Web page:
In the week ended January 12, 2018, natural gas inventories declined by 183 Bcf (billion cubic feet) to 2,584 Bcf. The EIA (U.S. Energy Information Administration) data came out on January 18, 2018. On the same day, natural gas prices fell 1.3%. The decline in natural gas inventories was 18 Bcf less than the markets expected, which could be behind the fall in prices.
Inventories and their five-year average
Usually, the inventories spread influences natural gas prices inversely. The inventories spread or the difference between natural gas inventories and their five-year average is critical for natural gas prices.
In the week ended January 12, 2018, the inventories spread expanded in the negative territory by only 20 basis points. Natural gas prices rose 8% after the inventory data on January 18, 2018. This was mainly because of expectations of strong heating demand to come in the following weeks, as we discussed in the first part.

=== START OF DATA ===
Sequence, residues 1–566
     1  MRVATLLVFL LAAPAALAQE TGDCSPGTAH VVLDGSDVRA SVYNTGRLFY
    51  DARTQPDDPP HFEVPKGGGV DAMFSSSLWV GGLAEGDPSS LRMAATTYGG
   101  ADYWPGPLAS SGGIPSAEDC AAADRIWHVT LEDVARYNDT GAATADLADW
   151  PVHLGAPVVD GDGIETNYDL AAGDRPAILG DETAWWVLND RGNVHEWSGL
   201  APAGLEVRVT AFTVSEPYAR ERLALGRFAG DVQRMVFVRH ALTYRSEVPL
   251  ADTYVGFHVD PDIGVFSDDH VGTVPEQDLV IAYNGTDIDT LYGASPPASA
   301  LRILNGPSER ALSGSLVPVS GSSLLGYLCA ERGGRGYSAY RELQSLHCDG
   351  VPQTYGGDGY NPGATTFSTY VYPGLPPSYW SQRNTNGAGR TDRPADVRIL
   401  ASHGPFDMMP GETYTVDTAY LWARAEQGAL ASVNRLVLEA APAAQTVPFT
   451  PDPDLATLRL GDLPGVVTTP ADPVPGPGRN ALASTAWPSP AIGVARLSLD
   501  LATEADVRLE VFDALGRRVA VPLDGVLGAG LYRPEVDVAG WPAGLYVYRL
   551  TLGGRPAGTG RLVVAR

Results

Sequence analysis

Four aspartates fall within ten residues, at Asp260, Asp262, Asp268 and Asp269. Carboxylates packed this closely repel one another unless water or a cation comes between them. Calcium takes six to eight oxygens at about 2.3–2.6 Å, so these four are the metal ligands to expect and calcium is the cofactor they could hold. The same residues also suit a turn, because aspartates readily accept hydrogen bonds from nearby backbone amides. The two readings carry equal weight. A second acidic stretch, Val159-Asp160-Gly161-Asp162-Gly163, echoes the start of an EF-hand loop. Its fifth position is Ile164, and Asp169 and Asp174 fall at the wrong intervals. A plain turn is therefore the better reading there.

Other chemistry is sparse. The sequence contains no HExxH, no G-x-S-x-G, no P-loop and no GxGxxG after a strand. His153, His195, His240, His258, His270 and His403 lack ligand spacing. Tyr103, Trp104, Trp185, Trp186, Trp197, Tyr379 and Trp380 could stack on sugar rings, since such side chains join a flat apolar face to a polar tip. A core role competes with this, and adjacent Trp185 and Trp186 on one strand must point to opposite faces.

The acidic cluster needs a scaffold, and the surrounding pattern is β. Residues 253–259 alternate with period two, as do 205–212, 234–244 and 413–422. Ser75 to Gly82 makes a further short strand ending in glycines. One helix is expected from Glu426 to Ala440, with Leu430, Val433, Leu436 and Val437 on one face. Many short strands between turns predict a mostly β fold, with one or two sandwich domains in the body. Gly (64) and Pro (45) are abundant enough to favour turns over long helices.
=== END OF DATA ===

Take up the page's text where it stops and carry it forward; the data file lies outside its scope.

However, the fall in the inventories spread has also boosted natural gas prices lately, and a further expansion of the spread on the negative side could push prices up further.
Could fall in natural gas inventories push prices higher?
In the week ended January 19, 2018, the natural gas inventories level should be below 2,440 Bcf, so the inventories spread would expand further into negative territory. In other words, the fall in inventories should be greater than 144 Bcf in the EIA report to be released on January 25, 2018.